Composting offers an eco-friendly way to recycle food scraps and yard waste, ensuring you get a final use out of such household by-products. It’s also a great way to teach ourselves about sustainability and nature. In this blog, we’ll dig into the joys of compost: how to get started on composting turn your food waste into nutritious compost for your garden.
The Benefits of Composting
The mantra of reduce, reuse, recycle helps us to understand the role composting can play in reducing our carbon footprint. Buying just what you need helps to cut off food waste at source. Reusing leftovers in inventive soups and casseroles ensures less ends up as waste. Composting allows you to recycle anything left at the end of this process. Fruit and vegetable peelings and scraps are fantastic compost ingredients. But it’s not just food scraps, you can also compost un-dyed paper towels, hair, wood ash, garden waste and even animal manure.
Composting, when viewed as part of the process of reduce, reuse, recycle helps to teach us how to take practical steps towards zero-waste living. For those of you based in the U.S, you’ll also be contributing to reducing the current 30 percent of household waste heading to landfill. And, you’ll benefit from the resulting end product of nutrient rich compost that savvy gardeners like to term “black gold”.
The Composting Process
Compost is effectively decomposed organic material. Micro-organisms in the environment are responsible for the natural process of decay that breaks down organic matters such as vegetable peelings, leaves and garden waste. Composting effectively, then, is about creating the ideal conditions for these natural micro-organisms to do their work.
Composting: Helping Nature Do Its Thing
Compost relies on four essential ingredients: organic matter, moisture, oxygen, and bacteria. Variety is key to good composting. If you fill your backyard compost pile or heap with lawn clippings and nothing else, you’ll end up with a smelly sludgy mess. Instead aim for a mix of natural materials of “browns” and “greens”.
Carbon rich brown organic matter comes from items such as dead leaves, shredded twigs and manure. To help the natural process of composting, balance brown materials with nitrogen rich green material, including lawn clippings, vegetable and fruit peelings. These green items add the natural moisture needed for effective compost. Both brown and green organic matter is packed with naturally occurring bacteria that are crucial to the composting process. Shredding or chopping up organic material being added will help speed up the composting process.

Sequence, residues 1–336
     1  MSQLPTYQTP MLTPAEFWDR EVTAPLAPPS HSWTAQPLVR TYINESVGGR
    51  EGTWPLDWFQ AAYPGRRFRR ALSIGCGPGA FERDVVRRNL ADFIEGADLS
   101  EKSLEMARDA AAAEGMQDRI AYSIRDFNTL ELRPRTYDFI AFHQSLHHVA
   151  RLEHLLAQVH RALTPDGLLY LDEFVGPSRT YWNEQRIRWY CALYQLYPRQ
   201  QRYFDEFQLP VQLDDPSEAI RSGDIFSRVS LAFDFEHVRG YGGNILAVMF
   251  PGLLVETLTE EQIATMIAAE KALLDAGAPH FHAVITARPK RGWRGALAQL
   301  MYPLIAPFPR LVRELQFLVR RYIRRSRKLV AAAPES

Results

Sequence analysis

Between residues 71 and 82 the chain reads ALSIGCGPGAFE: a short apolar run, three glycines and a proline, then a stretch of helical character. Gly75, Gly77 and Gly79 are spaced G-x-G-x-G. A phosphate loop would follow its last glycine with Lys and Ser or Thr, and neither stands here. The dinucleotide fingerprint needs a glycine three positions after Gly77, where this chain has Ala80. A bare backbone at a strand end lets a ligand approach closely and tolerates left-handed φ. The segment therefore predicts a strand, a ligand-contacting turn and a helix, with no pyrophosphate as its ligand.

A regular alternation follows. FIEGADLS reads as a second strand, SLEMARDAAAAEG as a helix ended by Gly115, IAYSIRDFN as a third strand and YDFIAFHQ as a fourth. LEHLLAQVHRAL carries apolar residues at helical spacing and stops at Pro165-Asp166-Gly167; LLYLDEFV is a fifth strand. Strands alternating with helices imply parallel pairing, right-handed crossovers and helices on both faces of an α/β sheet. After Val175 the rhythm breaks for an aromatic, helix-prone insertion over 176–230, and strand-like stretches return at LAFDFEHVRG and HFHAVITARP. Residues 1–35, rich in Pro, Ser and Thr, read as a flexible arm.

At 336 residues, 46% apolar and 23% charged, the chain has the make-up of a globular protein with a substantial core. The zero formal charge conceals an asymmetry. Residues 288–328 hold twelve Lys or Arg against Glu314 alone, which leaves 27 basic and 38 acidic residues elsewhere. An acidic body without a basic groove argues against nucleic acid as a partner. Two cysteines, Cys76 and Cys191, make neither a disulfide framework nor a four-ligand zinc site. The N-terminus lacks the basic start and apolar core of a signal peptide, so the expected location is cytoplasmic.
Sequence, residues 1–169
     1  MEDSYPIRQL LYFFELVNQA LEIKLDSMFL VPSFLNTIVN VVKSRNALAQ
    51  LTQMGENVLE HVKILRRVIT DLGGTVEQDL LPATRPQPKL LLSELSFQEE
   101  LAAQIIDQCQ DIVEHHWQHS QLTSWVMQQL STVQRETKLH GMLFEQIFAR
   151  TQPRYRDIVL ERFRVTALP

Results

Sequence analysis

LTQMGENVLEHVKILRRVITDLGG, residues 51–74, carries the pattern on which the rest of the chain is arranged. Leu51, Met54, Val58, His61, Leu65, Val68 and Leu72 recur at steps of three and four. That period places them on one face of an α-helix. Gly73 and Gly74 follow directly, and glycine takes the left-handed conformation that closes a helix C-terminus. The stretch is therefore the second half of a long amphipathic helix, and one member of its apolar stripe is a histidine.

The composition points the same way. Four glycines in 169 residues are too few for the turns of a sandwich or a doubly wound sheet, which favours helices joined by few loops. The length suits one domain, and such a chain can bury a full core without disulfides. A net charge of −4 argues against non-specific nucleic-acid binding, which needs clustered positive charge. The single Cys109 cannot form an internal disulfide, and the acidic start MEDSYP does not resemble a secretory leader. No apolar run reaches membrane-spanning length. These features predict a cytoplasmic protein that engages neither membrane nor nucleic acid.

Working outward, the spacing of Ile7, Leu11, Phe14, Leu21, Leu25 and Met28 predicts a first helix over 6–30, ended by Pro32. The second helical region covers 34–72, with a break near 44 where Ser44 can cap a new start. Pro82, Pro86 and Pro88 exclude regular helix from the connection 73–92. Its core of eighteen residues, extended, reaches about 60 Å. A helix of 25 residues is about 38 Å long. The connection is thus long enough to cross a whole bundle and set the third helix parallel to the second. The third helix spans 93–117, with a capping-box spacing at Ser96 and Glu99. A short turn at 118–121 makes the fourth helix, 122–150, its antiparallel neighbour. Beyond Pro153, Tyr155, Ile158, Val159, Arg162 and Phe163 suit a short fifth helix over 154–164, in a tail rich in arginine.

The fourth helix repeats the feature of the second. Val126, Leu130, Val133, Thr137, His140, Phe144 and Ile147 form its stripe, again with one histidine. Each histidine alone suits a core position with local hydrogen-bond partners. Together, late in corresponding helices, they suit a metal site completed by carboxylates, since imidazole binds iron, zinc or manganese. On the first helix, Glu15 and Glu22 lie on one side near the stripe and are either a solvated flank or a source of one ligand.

Adding oxygen to your compost pile or heap comes by aerating the pile. This involves turning, or mixing contents, so that air is introduced, which provides the bacteria with the ideal conditions for decomposition. There are tumbling compost bins that make this turning process fun and simple. Alternatively, get a pitchfork and enjoy a composting upper body workout once a month or so.
Home Composting Practicalities
You need composting to work for you and your family. Clean, tidy and hassle-free options that mean you don’t need to sacrifice your eco-credentials. Let’s consider 4 tips for building composting into your family lifestyle.
- Consider Indoor Composting: If a large compost bin in the yard seems like a step too far, you can start on convenient indoor methods on a smaller scale. Alternatives to backyard composting includes special wormeries that come with brandling compost worms that love to munch through food scraps. These are sealed units designed for indoor use. Another option is the Japanese bokashi method that uses microbes for indoor composting. Great for urban composters, and allow you to compost meat, fish and dairy scraps that should not be added to conventional outdoor composters. Clean and effective for home-conscious eco-mammas.
- Get Creative with your Green and Browns: Remember that variety matters for effective composting. There is a great deal of household waste that can in fact be recycled into compost. Greens that can be added to your yard compost pile include coffee grounds and filters, clean eggshells, dryer and vacuum cleaner lint pet dander. For browns, get creative by adding wood burner ashes, shredded plain un-dyed cardboard packaging, waste hay and sawdust that would otherwise be sent to landfill after cleaning rabbit, guinea pig and hamster hutches.
- Composting No No’s: With the exception of the more versatile bokashi systems, you should avoid adding dairy, meat or fish food waste to compost piles. In addition, you should never add the following to any type of compost bin:
- Coal or charcoal ash
- Diseased or insect-ridden plants
- Fats, grease, lard, or oils
- Dog or cat feces
- Plants treated with chemical pesticides
- Monitor to Spot when your Compost is Ready: It’s hard to provide an exact timeline for when your compost will be ready, as that depends on the temperature and what has been added to the pile. However, compost looks, feels and smells like rich, dark earth when it’s ready to use on the garden. If you still smell or spot rotting vegetable scraps, stir or turn the pile to introduce oxygen and leave for a couple more weeks.
So, if you are serious about zero-waste living, adding home composting to your household eco-practices can be a cost-effective choice that benefits your garden as well as the planet. Using the tips contained here makes composting straightforward. Happy composting!
Elizabeth is a writer and mom of two boys. Her other passions include home design, parenting and healthy living.